The easiest way to use these devices is to have them send data to a server somewhere, then use web-browser-based software to view the data. For those of us who need cloud-free computing, we have to write our own at this point. The web-based monitoring tools provided by Energy Inc on the TED gateway are horrendous and buggy. For Brultech they simply do not exist.

What is missing from the Brultech lineup?

  • A standalone display. The ECM1220 has a crude LCD display. It would be nice if there were a larger, battery or ac powered, LCD-only device that communicates with ECM1240 (or green eye) and simply displays a small subset of the data such as total power in use.
  • More channels. The ECM1240 only has 7 channels. Luckily it is possible to gang them together - up to 4 on a single serial line, or any number on a zigbee network. The green eye should remedy this - we'll see when it comes out.
  • Software support for multiple devices. The existing software is oriented toward a single ECM, and sort of handles up to 4 (or perhaps 6).
  • Better software. Make the configuration tool cross-platform. Stop developing the EngineG application and focus those energies on a gateway.
  • A device analogous to the TED gateway. Create a web-server-in-a-box that collects data from any number of ECM and lets you discover, configure, and browse the ECM via a web browser. Provide nice JavaScript-based web pages to view the data from individual ECM, or aggregate the data. Brultech should start with a robust, well-implemented software bundle that anyone can install onto a computer, then roll that up into an embedded server that they sell as a package. That way the DIY types can feed back fixes and features, and the non-DIY just get something that works.
  • A solid server partner for the hosted data option. Apparently google is not the right choice.
  • Publicly searchable support archives. For some reason, access to the ECM1240 (and 1220) support forums are accessible only if you log in. That means none of the search engine bots are able to index the forums. As a result it looks like there is a lot less activity and community around the ECM1240 than there really is.
  • Polish. Clean up the documentation. Simplify the web site.

It will take considerably longer to get the Brultech system up and running than the TED5000. If we were uploading to a server somewhere, then the Brultech is only slightly more difficult to configure. But since we have to write our own data collection, display, and graphing software it will take awhile. The Brultech system offers far more options and details. In particular we will be able to do temperature monitoring and water/fuel consumption monitoring with the Brultech system. And so far it looks like the Brultech system will be much more reliable than the TED5000. We'll see how the accuracies compare...


Brultech ECM 1220 and 1240

Brultech sells a device called the ECM1240. The ECM1240 has 7 channels for monitoring individual circuits and pulse devices such as water/fuel flow meters. Up to 4 ECM1240 can be multiplexed onto a single serial cable. The ECM1240 is the successor to ECM1220, which could only monitor 2 circuits. Apparently there is a successor to the ECM1240 coming soon - the GEM, or Green Eye Monitor, announced in August 2011 but not available until early 2012 - that will monitor 32 circuits in a single unit. This device also has a bus for single-wire sensors. Cost should be about $10 to $15 per circuit.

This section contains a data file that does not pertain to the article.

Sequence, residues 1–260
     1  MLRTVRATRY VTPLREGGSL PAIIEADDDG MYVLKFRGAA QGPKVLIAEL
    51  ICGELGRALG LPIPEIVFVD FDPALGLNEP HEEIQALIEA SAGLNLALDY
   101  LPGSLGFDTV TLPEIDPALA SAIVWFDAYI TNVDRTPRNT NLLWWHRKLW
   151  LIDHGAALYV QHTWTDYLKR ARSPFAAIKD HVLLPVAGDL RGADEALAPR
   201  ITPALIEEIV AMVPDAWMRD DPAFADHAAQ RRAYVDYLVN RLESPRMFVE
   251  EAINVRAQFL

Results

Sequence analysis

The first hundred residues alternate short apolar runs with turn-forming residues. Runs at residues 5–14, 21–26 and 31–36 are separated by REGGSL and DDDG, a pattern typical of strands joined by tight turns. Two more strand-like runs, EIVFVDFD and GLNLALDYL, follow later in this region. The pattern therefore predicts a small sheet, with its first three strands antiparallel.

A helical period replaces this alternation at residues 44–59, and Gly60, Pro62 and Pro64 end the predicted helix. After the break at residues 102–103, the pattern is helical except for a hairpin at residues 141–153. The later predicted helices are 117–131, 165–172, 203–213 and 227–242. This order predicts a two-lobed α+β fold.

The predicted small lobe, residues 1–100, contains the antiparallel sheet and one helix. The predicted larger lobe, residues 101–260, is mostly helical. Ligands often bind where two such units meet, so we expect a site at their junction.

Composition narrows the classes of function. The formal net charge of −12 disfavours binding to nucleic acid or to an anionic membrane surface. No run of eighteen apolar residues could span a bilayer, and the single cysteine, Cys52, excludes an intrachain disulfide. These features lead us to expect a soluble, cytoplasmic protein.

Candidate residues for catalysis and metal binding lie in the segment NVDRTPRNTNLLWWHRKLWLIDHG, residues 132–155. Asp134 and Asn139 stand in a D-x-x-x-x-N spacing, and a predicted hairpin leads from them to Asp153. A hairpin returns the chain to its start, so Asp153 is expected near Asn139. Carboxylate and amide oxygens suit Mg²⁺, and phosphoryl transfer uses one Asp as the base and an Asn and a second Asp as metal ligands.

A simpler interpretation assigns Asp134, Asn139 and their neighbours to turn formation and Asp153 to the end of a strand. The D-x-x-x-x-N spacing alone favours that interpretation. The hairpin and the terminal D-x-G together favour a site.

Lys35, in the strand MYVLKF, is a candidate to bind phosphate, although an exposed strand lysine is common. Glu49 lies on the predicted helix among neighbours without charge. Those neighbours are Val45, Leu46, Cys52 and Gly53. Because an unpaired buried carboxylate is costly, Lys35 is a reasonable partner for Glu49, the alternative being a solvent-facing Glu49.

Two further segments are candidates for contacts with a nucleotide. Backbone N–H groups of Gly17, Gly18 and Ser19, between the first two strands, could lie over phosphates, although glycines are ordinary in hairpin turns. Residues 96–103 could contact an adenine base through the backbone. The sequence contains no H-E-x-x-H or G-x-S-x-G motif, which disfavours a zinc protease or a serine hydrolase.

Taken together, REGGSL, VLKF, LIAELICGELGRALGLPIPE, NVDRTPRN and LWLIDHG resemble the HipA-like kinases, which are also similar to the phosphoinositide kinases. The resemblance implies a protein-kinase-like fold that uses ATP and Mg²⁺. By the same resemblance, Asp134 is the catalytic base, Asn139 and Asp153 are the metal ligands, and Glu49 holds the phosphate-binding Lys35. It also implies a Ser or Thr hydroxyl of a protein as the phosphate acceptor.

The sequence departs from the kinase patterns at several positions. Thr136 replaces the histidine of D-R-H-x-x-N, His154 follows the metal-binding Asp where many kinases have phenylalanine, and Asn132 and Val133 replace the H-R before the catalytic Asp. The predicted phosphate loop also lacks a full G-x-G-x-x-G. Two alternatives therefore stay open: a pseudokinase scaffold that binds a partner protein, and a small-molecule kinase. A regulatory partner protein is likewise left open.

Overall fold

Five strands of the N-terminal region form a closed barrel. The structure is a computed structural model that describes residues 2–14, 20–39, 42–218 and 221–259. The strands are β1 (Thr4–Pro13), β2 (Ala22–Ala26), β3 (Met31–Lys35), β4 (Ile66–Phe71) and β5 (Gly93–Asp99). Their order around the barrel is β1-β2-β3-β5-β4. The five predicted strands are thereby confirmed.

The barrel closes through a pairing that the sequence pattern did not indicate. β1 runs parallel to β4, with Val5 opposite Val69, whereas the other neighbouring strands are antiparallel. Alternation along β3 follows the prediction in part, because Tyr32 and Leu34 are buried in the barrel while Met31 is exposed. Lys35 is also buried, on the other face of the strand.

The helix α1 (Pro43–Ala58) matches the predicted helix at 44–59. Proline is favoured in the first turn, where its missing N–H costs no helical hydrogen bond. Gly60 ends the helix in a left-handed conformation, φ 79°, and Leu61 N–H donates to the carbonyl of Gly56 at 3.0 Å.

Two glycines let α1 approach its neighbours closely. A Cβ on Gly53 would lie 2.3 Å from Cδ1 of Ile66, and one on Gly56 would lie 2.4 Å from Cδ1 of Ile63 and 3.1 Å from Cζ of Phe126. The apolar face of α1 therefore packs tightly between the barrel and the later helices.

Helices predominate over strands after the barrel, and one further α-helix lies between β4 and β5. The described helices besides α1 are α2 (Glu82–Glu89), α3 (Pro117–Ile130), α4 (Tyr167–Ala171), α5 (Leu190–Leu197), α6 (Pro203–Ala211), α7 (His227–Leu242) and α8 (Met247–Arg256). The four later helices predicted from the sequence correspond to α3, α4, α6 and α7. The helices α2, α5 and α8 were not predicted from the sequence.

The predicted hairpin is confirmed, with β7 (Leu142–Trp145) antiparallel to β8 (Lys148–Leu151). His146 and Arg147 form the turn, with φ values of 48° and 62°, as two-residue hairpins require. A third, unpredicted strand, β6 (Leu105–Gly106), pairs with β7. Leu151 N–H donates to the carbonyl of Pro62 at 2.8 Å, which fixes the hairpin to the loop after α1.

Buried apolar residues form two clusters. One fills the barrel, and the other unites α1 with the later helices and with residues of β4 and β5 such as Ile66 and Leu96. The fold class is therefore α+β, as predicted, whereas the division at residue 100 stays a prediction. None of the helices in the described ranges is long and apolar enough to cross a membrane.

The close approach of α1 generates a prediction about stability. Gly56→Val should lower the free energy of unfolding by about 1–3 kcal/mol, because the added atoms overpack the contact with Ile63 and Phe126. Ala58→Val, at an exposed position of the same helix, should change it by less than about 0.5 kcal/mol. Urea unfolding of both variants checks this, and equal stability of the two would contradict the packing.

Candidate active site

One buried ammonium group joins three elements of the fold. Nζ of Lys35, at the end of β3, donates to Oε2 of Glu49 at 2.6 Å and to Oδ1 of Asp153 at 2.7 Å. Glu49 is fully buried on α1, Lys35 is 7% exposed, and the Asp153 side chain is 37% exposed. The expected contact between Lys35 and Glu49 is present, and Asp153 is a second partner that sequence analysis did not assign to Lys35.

The Brultech hardware seems to be a much better deal than TED, and Brultech offers far more options for configuring a system.

At a starting point of about $180 for a single ECM1240 and boatload of CTs, Brultech has the cheapest per-circuit monitoring system (about $25 per circuit).


Debian 6 and Dreamplug

After updating the dreamplug to debian 6 (it shipped with debian 5) performance is much better. It still exhibits more pauses than the ionics devices, but they only last a fraction of a second now.


Its Electric and Plug Computers

We tried its-electric on two different marvell-based plug computers. The plug computers draw little power, but they also have limited memory and disk space.

system specs services
dreamplug 1.2GHz ARM CPU
2GB flash disk
8GB SD disk class 6
2 Gbit ethernet ports (not used)
802.11 wireless
bluetooth (not used)
ambient weather WS2080
wfrog 0.8.1
ionics nimbus 1.2GHz ARM CPU
512MB flash disk
8GB USB disk
1 Gbit ethernet port
4-port USB hub
APC smartups 700 via USB-to-serial
ambient weather WS2080
wfrog 0.8.1
nagios 3.2.3 and nagiosgraph 1.4.5
its-electric 1.8

The dreamplug is not doing well - it tends to become unresponsive after a few days, so we only run wflogger on it now. The nimbus is a champ - we run nagios, wflogger, and its-electric on it and although it is slow, it continues to chug along.

If you run java with default settings, it uses far too much memory. So we limit the jvm memory to 128M. CPU use by its-electric is tolerable, but beware that it will consume 70-90% CPU until it has processed any existing data files. When you have a few months of data (about 120 .jdb files) this takes a few minutes on a plug computer. We configure its-electric to sample less frequently in order to minimize its nominal CPU use.